New Guidelines Help Stakeholders Work Together on Health Workforce Action

To help countries create effective partnerships to strengthen the health workforce, CapacityPlus has published user-friendly guidelines on stakeholder leadership groups. “Guidelines for forming and sustaining human resources for health stakeholder leadership groups,” by Wilma Gormley and Jim McCaffery, provides a practical set of actions to successfully launch and sustain these groups.

Guidelines for HRH Stakeholder Leadership GroupsThis new publication “provides guidance to help diverse stakeholders work together, plan, and address HRH issues,” says McCaffery. “It grows out of the now fairly commonly accepted understanding that to address HRH issues, you need people from different organizations or even sectors working together.” This may sound simple, but “this tool recognizes that it’s not necessarily easy to get people to do this kind of cooperative work on a sustained basis.”

These guidelines are aimed at “country-level HRH leaders who are trying to promote cross-organizational or cross-sectoral cooperation,” McCaffery notes. “That could be an HR director, a permanent secretary, an FBO leader—anybody that’s taking a broader look at improving the HRH situation and that needs to promote cross-sectoral or cross-organizational work.” Another group that will benefit is “multilateral and bilateral donors looking to promote or fund this critical HRH strengthening work.”

The issues involved in health workforce strengthening “all take good interorganizational work,” he says, such as “having a good HR information system, promoting attraction and retention of health workers in rural areas, developing good strategic plans.”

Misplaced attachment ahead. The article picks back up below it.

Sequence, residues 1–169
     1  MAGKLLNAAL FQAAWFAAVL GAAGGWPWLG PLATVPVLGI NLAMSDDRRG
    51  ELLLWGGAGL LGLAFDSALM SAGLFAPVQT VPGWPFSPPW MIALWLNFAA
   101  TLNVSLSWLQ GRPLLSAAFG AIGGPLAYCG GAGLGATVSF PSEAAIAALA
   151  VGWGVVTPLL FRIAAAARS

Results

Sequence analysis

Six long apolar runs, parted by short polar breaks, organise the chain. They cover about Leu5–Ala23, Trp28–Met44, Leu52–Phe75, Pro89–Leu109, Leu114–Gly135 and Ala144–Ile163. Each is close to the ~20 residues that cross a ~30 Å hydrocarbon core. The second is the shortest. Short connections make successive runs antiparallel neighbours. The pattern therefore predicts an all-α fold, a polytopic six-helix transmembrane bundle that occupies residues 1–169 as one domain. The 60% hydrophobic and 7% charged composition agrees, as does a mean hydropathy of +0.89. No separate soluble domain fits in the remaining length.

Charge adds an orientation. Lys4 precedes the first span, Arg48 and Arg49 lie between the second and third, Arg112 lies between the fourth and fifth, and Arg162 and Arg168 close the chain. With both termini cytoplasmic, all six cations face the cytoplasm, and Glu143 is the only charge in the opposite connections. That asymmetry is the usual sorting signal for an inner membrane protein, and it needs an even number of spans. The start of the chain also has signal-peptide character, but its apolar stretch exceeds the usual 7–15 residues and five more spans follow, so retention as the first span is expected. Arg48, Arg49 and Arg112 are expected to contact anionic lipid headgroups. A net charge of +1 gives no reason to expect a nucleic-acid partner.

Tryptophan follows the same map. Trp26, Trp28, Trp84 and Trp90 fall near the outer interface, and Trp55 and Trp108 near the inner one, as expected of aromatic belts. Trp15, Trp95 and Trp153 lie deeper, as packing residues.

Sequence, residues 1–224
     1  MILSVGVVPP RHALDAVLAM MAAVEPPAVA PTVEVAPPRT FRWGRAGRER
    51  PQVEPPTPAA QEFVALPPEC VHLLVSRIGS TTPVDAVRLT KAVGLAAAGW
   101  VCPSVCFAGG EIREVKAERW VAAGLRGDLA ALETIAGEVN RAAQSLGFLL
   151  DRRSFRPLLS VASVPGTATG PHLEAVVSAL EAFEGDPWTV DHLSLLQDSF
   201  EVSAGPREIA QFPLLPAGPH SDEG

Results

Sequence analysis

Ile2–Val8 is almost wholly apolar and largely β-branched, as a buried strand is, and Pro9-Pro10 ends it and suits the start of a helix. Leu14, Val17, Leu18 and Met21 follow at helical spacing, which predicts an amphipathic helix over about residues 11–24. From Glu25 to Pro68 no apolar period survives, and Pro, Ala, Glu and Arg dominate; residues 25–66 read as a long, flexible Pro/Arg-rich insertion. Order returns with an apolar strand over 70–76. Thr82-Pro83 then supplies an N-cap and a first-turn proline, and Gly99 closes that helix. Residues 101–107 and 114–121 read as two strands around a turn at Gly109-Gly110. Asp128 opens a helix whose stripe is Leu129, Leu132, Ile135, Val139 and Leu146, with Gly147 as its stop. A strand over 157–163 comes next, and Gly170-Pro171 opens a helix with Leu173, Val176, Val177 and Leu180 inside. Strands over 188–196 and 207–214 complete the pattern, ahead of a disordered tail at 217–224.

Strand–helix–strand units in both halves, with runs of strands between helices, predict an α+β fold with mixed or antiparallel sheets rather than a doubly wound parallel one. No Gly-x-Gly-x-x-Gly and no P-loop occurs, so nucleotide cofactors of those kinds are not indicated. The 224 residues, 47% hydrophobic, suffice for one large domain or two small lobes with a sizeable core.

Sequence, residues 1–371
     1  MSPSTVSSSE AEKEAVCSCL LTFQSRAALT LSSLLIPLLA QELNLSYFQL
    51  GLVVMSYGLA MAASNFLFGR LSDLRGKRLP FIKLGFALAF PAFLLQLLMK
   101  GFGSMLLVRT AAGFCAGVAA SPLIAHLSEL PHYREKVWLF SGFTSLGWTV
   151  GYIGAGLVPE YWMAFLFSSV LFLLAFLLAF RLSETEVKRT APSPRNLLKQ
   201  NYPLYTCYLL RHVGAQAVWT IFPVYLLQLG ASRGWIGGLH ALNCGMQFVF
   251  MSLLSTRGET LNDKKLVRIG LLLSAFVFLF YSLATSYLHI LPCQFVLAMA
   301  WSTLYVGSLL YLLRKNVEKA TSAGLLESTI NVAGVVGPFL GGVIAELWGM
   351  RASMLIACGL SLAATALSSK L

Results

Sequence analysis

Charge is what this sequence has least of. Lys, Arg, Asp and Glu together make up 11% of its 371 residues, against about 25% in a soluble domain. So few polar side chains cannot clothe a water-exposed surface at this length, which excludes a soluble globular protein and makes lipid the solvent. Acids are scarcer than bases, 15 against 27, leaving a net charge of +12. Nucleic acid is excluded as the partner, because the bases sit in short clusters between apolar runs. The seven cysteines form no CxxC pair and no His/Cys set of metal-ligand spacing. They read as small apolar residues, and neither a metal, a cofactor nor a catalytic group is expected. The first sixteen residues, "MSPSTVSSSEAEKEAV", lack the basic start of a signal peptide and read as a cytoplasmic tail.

McCaffery gives an example. As the Capacity Project (the predecessor to CapacityPlus) started working with countries on their HR information systems, it was quickly apparent that success depended on getting diverse stakeholders together. “Information was often held in different locations,” he recalls. “Ministries, FBOs, councils, and universities had pockets of information, and inevitably the first step in the process was to form a multisectoral group so people would get in the same room and say, ‘Here’s what I’ve got.’” After pooling their information, they would then “look at the overall policy issues they wanted to address. We had groups in Uganda, Tanzania, Swaziland, and other countries,” he notes, which were important elements of the initiatives’ success.

Looking ahead, McCaffery explains that “a country in West Africa is trying to consider preservice education reforms. They could apply these guidelines to work together and address these reforms. Stakeholders would include the ministry of health, ministry of education, universities involved in preservice education, maybe the professional councils and FBOs—a broad range of players who have been looking at it through their own eyes.”

This publication is the first of its kind in terms of a set of practical guidelines. There have been numerous publications and studies on the need for cross-organizational and cross-sectoral work, and the WHO, PEPFAR, the Global Fund, and the Global Health Workforce Alliance (GHWA), among others, have recognized the importance of getting stakeholders to work together effectively to achieve sustainable results. “We took our own experience from this area of our specialty,” says McCaffery, “and put it all together into guidelines that are both evidence-based and experience-based. This should be useful at the country level, and will be a helpful tool for use by global partners like WHO as it supports Observatories, and by GHWA with its work to support Country Coordination and Facilitation mechanisms.”

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